Scoliosis & Women
Scoliosis is defined by sideways curvature in the spine producing a C shape versus the typical I shape. The cause behind the condition are placed into one of the three categories, including idiopathic, congenital, and neuromuscular. An idiopathic cause is determined when the other two categories have been ruled out. Congenital scoliosis occurs during embryonic stage from abnormal development of the spinal vertebrae. Neuromuscular causative factors develop from an initial neurological or muscular disease, which then leads to conditions of scoliosis.
Even though scoliosis has been a diagnosable condition for generations there, are still many unknown factors regarding this condition, including the why? Research has indicated that the condition is typically diagnosed in adolescents and is more common in females. In addition to scoliosis being more common, females have also been identified to have worsening curvature.
How is diagnosed?
Does anyone remember back in elementary school, having a screening where a wooden block was ran down your back? An Adam’s Forward Bend Test was being conducted, which is an earlier identifier for scoliosis. The screening has become controversial regarding its effectiveness, but 21 states still have mandates or recommendations for the screening to be completed.
If screening reflects a positive result, the child’s parent/legal guardian is notified to have further evaluation. Further evaluation can include a physical exam, x-ray, CT scan, or MRI.
Since screening is not always completed, there are additional signs and symptoms you can monitor. If any of the signs and symptoms were observed, scheduling an appointment with a primary care physician for additional evaluation would be the next step.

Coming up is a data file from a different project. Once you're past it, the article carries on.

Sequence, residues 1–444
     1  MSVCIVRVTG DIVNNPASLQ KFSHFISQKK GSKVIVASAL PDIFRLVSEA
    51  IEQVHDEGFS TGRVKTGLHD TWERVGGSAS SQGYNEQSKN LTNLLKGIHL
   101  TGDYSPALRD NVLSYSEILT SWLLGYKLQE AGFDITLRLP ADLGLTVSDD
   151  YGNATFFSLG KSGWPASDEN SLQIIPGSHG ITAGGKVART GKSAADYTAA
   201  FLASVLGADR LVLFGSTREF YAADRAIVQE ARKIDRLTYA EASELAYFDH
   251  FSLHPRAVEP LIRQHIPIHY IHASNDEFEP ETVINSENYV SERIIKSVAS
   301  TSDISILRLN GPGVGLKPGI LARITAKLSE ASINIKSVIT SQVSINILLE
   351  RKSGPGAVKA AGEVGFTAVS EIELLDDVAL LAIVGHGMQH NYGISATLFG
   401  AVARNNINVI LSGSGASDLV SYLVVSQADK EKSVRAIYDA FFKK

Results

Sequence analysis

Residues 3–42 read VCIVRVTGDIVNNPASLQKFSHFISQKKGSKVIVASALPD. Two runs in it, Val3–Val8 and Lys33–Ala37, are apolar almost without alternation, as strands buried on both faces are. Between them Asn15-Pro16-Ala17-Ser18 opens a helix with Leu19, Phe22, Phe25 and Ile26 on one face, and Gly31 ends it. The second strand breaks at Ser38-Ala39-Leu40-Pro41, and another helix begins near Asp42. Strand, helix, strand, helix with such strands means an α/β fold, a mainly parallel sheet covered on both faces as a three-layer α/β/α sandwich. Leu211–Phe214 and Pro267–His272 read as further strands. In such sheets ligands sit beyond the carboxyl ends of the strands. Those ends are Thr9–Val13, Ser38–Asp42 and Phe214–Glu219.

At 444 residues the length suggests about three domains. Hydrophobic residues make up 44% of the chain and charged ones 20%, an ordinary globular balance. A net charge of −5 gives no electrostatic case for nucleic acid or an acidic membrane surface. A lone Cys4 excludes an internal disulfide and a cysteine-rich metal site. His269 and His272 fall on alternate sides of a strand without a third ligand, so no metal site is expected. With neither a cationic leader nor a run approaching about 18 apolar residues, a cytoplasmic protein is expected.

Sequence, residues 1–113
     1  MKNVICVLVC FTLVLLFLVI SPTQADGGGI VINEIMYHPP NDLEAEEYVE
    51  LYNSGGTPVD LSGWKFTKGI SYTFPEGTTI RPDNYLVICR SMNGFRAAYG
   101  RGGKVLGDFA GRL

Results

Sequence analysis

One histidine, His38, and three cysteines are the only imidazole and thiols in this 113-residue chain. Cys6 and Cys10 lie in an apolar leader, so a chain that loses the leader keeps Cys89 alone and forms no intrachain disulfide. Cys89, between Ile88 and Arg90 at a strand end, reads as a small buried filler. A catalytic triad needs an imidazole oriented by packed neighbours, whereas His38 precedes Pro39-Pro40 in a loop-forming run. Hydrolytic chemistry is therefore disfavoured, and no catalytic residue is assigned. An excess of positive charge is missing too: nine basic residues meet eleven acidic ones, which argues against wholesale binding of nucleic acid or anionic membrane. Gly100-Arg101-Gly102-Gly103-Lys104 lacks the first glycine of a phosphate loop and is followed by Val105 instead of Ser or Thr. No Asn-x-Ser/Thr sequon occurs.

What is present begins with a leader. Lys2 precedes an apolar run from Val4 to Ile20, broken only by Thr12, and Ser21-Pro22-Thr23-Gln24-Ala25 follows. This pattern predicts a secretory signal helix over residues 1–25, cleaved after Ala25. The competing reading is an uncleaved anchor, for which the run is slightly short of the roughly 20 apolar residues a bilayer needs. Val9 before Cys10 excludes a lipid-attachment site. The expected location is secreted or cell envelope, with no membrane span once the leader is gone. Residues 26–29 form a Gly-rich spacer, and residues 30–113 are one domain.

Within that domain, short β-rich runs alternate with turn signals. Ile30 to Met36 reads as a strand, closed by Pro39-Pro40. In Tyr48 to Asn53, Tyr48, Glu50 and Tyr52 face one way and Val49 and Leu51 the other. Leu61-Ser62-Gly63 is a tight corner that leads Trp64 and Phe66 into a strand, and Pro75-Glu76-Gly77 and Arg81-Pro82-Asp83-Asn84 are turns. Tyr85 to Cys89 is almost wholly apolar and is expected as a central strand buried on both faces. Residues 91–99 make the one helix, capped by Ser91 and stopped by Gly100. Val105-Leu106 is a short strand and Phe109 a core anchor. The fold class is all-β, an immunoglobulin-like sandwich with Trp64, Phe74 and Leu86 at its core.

- Uneven shoulders
- Head alignment with pelvis
- Leaning body frame
- Abnormal skin over the spine
- Rib cage symmetry
- Uneven Hips
With a scoliosis diagnosis, part of the evaluation will include the measurement of curvature degree to determine the level of severity. The severity level will guide the healthcare team in preparing a personalized and optimal treatment plan.
- 10-25 degrees
- Observation is usually recommended with continued and ongoing evaluation, which includes radiograph studies throughout lifespan.
- 25-45 degrees
- If diagnosis is confirmed in childhood, bracing is recommended while the bones are still maturing and growing.
- Continued evaluation is recommended to monitor for changes in condition, including increase or decrease of curvature degree.
- 45 and greater
- Diagnosis in childhood can have surgical options to correct the curvature during the bone growth.
- Adults that have underwent childhood surgery for correction, sill have the potential need for revision surgery later in life, if the curvature returns.
- Adults who didn’t receive childhood corrective surgery may still be candidates if additional complications are present, including nerve damage or bowel/bladder dysfunction.
Scoliosis during pregnancy and childbirth
Since, pregnancy on its own can come with a series of physical and mental changes during its course, there are several important factors to be aware of when diagnosed with scoliosis. Always remember that each individual will differ, depending of the severity of the curvature in the spine.
- Fortunately, a diagnosis of scoliosis independently has not been linked to infertility issues.
- Back pain is commonly reported by many women during pregnancy. Curvature of the spine can already induce back pain, so adding in pregnancy, it creates a high potential to worsen during this period.
- Multiple factors can induce back pain during labor for all women, so an additional severity of back pain can happen with scoliosis.
- Pain management with epidural is commonly used during labor, which are placed into the epidural cavity of the spine. Clear communication between your prenatal provider and facility anesthesia is very important. Anesthesia will request x-ray images to determine spinal anatomy for safe epidural placement, if requested for pain relief.
- Spinal curvature can effect normal anatomy leading to asynclitic positioning of the fetus in-utero. Vaginal deliveries can still be a promising outlook if both fetal position and maternal pelvis structure are appropriate.